Patterning a Turkey Shotgun

On the brink of turkey season we find ourselves dusting off calls, checking decoys and rearranging all the stuff we typically carry in our vests. Gloves, masks and odds-and-ends are transferred from the backpack carried all those days of deer season. Then, a little oil on the turkey gun and re-attaching a borrowed rifle strap will round out our pre-season equipment preparation.

This year, however, we decided to take it a step further. Patterning a turkey shotgun is not some new phenomenon. But if you’ve been using the same smoke stick for nearly two decades with just a handful of misses to your resume, then it’s not something you’d naturally think about doing in February or March.

For the test we used Winchester Long Beard XR and Browning BXD shells, both three and a half inch number fives, shot from a Mossberg 835 with an extra-full choke. We set two targets at 20 yards and two at 40 in order to compare the loads and see how they perform, at what most would consider, an easy shot and a long-range shot. We used Hunter’s Specialities turkey head targets, which were stapled to a couple of wooden boards we found in a tool shed.

As you’ll be able to hear in the videos below, there was a slight breeze on a gray, overcast day. We wouldn’t think that even a strong traversing wind would have the power to alter the shot pattern at just 20 yards, though it could at 40.

 


At 20 yards, the Winchester’s pattern stayed tight. Very tight. In fact, the head/neck region of a live turkey would be obliterated. On the contrary, what would have happened if the shooter pulled even slightly? That’s why we always want to aim at the base of the neck in order to give ourselves the maximum surface area for a larger target.

Even though the load from the Browning shell dispersed a bit more, it would still be a kill shot at 20 yards. As you saw,  the hard-hitting nickel-plated shot broke the board in half. Perhaps we could have chosen better backstops for the paper heads, though the point is that we were able to tell exactly how the pattern spread from the muzzle to the target.

 


To be clear, the first target we analyze was shot with the Winchester shell. There are plenty of pellets in the central neck and head region for a clean kill. And while the Browning was again a bit more spread out, plenty of shot hit home. We wouldn’t recommend shooting at a turkey outside of 40 yards as it appears to be the maximum range for an ethical kill, at least with the combination we used.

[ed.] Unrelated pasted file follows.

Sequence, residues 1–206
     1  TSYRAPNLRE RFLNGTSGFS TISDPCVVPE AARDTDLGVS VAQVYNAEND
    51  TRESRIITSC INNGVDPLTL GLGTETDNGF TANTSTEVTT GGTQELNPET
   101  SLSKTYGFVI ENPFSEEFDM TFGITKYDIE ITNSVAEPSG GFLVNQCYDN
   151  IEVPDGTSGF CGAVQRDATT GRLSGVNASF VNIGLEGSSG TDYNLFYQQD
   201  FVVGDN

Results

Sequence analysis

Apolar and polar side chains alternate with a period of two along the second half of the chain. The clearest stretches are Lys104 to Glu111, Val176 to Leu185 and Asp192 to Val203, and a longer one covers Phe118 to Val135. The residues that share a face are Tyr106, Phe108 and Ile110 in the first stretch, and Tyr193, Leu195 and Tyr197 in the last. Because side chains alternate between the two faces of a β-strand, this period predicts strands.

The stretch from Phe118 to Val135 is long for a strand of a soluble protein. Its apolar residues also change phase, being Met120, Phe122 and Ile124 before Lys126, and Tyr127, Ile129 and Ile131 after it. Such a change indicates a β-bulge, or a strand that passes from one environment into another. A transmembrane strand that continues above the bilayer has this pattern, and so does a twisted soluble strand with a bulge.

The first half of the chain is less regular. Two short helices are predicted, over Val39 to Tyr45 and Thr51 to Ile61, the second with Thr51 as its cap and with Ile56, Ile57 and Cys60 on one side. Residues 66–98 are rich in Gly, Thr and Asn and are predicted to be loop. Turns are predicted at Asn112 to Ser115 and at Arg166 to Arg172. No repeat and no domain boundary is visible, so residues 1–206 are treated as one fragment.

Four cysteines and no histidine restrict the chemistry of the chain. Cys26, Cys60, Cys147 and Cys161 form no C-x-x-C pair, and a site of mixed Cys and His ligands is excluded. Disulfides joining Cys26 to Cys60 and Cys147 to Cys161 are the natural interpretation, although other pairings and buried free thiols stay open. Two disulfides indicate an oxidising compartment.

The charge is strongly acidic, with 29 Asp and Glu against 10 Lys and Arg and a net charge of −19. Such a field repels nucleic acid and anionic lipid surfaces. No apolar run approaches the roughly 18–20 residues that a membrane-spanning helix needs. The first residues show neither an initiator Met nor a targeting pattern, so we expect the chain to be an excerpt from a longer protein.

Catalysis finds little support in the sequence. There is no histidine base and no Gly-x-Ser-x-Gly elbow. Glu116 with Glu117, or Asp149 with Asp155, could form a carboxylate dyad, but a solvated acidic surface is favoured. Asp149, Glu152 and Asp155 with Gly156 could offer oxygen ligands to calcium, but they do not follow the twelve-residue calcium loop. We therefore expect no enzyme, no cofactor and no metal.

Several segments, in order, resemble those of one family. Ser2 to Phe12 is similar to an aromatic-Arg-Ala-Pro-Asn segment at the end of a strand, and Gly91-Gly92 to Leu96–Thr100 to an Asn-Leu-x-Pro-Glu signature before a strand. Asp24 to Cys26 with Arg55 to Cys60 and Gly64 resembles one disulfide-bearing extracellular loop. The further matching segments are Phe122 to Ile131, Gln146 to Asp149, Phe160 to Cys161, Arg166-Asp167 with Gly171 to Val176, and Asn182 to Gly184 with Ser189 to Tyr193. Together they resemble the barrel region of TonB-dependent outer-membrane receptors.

Winchester turkey loads have been a personal choice for some years now. As Browning is newer in the ammunition game, this is the first time I’ve had the opportunity to shoot the BXD turkey loads. The Federal 3rd Degrees also work well.

In my turkey hunting career, I’ve had two Remington shells misfire. The pin hit the primer, but didn’t ignite the powder. Perhaps if I’d tested those loads before the season it would have become apparent earlier to not use Remington turkey shells. Luckily, I was able to shuck those duds out of my gun in time to make lethal shots on both occasions.

Whether you’re crazy about chasing turkeys like us, a waterfowler or any other type of bird hunter, patterning can help you learn more about the gun and yourself as a shooter. It’s important to know how particular loads perform at certain distances with the choke you’re using. Before opening day, take 30 minutes to see what your pattern looks like. Being that turkey loads are expensive and kick like a mule, there’s no reason to shoot more than four or five times. It’ll be worth your while.

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